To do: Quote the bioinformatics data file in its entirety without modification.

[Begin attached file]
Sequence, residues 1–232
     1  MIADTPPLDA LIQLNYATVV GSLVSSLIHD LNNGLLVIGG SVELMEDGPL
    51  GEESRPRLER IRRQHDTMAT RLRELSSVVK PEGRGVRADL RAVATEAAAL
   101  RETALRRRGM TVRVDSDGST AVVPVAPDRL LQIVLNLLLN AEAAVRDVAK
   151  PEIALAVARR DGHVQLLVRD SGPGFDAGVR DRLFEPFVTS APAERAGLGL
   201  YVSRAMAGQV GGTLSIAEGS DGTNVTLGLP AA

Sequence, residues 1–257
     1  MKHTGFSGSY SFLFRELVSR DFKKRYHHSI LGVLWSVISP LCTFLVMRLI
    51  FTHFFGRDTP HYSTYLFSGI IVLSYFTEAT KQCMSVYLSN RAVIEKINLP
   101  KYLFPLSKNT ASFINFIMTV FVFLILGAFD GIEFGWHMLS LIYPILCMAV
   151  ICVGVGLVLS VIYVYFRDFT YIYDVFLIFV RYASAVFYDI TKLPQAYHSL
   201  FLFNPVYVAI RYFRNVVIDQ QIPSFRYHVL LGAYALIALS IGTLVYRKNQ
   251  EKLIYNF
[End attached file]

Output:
Sequence, residues 1–232
     1  MIADTPPLDA LIQLNYATVV GSLVSSLIHD LNNGLLVIGG SVELMEDGPL
    51  GEESRPRLER IRRQHDTMAT RLRELSSVVK PEGRGVRADL RAVATEAAAL
   101  RETALRRRGM TVRVDSDGST AVVPVAPDRL LQIVLNLLLN AEAAVRDVAK
   151  PEIALAVARR DGHVQLLVRD SGPGFDAGVR DRLFEPFVTS APAERAGLGL
   201  YVSRAMAGQV GGTLSIAEGS DGTNVTLGLP AA

Sequence, residues 1–257
     1  MKHTGFSGSY SFLFRELVSR DFKKRYHHSI LGVLWSVISP LCTFLVMRLI
    51  FTHFFGRDTP HYSTYLFSGI IVLSYFTEAT KQCMSVYLSN RAVIEKINLP
   101  KYLFPLSKNT ASFINFIMTV FVFLILGAFD GIEFGWHMLS LIYPILCMAV
   151  ICVGVGLVLS VIYVYFRDFT YIYDVFLIFV RYASAVFYDI TKLPQAYHSL
   201  FLFNPVYVAI RYFRNVVIDQ QIPSFRYHVL LGAYALIALS IGTLVYRKNQ
   251  EKLIYNF